Negative pressure ventilation systems are the most common type of mechanical ventilation system in the swine industry. The common location for installing air filters, primary and secondary, is in the attic over the ceiling inlets in the room (Figure 3, Alonso et al., 2013a). Depending on what kind of filter grid is used over the inlet, there could be two different filter sizes utilized. Adding air filtration to an existing system can be advantageous as it requires minimal changes to the facility structure. Common adaptations include filter grids installed and sealed above all inlets (Figure 4), addition of inlets for summer ventilation, and fan bump-out rooms for backdraft prevention. The downside is, when replacing the secondary filter, there is no way to prevent unfiltered air from entering the barn. Operationally, potential downsides include unfiltered air leakage (infiltration) through the barn shell, dust settling onto the filter media, and improper fan sizing, and the inability to inspect filters effectively once installed (Jadhav et al., 2015). Since filters require additional fan energy (due to increased resistance), common axial fans used in the swine industry are not designed to ventilate with air filters. Analysis of fan performance on existing facilities should be conducted prior to filter installation to see if adequate ventilation can be maintained and how to correct inadequate fan performance for an air filtration system. To maintain adequate ventilation rates, additional fans or high-pressure axial (direct-drive) fans may be required. There are additional costs associated with adding typical fans or swapping all fans to the high pressure version.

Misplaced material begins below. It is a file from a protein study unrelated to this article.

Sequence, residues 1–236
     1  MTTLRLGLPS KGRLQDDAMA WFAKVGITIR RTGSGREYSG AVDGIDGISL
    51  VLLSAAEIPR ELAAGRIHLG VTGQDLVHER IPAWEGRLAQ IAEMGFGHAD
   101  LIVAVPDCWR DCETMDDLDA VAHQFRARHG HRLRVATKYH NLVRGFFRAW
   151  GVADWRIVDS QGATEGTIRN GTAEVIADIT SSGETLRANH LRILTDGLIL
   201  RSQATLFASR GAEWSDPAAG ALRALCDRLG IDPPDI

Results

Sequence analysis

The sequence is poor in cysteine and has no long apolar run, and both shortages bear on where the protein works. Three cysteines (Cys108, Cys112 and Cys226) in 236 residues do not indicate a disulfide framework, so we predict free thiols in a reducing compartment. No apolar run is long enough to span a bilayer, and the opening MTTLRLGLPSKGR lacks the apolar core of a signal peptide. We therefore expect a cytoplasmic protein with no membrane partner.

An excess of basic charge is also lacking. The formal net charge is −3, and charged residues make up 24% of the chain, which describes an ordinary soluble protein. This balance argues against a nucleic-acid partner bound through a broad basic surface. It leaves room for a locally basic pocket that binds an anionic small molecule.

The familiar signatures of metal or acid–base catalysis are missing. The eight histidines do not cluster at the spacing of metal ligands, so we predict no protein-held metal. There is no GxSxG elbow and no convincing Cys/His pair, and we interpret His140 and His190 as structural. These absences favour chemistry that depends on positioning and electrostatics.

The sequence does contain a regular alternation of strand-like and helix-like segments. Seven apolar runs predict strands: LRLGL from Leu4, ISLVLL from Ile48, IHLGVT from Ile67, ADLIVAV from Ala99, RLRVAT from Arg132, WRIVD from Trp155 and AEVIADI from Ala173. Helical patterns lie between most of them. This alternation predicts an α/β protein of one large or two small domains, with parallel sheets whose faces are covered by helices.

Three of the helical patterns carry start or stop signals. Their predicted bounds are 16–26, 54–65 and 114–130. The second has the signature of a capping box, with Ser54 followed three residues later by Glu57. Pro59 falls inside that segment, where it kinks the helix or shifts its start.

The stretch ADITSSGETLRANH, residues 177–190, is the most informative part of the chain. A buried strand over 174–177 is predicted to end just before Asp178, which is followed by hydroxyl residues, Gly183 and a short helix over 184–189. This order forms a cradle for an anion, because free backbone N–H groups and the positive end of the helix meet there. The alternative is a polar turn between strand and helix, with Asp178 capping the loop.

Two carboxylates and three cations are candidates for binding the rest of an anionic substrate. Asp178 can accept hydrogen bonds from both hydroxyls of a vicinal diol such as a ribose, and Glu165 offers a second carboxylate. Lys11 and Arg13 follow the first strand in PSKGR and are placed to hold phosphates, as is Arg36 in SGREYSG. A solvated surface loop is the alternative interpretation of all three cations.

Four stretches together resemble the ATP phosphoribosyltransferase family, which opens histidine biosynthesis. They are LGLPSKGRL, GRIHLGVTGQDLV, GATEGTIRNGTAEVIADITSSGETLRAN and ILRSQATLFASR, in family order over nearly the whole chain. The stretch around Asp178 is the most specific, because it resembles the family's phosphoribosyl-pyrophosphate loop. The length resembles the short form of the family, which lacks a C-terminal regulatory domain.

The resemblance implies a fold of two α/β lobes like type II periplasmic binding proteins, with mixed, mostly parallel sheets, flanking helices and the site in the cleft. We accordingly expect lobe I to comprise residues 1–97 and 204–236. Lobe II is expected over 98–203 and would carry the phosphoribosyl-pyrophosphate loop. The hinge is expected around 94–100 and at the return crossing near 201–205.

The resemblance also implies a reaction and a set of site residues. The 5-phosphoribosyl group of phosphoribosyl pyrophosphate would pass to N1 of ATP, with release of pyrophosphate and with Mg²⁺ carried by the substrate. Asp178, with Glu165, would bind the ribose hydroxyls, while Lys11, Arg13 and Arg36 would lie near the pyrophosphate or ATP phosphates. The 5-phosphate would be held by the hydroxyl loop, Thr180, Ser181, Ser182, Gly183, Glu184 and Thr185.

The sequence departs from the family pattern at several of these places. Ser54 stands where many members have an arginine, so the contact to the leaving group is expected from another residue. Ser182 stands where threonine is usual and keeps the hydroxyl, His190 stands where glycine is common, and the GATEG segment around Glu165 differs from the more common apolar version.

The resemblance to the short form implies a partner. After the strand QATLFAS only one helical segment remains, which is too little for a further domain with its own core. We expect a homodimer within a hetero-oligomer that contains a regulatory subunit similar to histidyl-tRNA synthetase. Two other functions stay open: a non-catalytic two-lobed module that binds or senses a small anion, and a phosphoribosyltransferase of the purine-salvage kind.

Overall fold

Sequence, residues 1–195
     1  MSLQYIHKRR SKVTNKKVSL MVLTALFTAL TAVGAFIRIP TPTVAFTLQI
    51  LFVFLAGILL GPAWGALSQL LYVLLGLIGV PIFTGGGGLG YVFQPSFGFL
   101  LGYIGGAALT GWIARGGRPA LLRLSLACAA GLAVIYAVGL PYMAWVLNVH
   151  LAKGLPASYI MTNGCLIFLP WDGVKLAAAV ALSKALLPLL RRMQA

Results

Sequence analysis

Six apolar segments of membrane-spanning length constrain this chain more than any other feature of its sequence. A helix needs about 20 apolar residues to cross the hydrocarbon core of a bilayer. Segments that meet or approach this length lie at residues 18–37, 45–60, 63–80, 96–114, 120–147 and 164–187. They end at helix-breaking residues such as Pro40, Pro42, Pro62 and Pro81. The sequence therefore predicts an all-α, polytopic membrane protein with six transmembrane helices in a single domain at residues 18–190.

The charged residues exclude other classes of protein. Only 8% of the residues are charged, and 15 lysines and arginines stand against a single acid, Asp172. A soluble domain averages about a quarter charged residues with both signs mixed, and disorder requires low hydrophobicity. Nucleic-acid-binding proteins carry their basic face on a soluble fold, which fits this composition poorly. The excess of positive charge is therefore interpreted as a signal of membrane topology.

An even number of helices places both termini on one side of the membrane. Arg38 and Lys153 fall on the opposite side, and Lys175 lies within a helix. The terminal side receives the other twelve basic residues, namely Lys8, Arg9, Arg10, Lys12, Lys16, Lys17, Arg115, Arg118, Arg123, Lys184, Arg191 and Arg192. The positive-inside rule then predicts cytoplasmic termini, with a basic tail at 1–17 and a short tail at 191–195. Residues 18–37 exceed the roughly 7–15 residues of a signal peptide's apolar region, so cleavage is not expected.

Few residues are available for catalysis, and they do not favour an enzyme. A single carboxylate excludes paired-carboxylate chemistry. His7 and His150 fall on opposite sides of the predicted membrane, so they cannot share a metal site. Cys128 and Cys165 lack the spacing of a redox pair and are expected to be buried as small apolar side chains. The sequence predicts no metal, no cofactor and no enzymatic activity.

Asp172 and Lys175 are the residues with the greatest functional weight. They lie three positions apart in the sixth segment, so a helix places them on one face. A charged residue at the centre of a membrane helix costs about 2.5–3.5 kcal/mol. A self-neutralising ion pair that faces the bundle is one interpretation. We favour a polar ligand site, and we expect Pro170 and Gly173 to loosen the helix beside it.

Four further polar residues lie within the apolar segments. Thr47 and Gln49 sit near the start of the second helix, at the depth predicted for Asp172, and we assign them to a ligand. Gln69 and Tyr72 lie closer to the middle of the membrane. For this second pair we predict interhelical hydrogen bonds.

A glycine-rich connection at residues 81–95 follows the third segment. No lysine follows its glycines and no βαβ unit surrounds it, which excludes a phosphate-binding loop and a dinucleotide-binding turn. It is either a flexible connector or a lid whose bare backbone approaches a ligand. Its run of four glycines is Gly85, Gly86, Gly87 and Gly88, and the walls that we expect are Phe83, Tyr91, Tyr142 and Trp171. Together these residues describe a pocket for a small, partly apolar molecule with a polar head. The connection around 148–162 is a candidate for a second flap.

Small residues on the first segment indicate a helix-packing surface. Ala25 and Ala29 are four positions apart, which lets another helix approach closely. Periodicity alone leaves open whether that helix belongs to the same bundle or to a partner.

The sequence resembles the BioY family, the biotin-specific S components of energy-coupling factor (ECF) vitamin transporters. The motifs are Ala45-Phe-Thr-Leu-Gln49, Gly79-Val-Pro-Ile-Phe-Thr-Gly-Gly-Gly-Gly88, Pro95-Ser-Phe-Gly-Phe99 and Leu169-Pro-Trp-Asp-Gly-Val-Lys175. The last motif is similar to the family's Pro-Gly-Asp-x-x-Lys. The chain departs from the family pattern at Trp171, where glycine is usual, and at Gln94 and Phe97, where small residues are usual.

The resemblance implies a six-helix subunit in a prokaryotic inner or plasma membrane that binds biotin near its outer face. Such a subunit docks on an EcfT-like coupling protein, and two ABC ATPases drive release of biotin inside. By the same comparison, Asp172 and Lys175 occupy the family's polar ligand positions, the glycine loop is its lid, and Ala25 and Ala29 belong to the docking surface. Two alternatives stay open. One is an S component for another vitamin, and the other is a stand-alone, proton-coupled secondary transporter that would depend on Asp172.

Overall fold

Figure 4. Seal between inlet and filter box in negative pressure system sealed with spray foam. Photo Courtesy of Double L Group, LLC.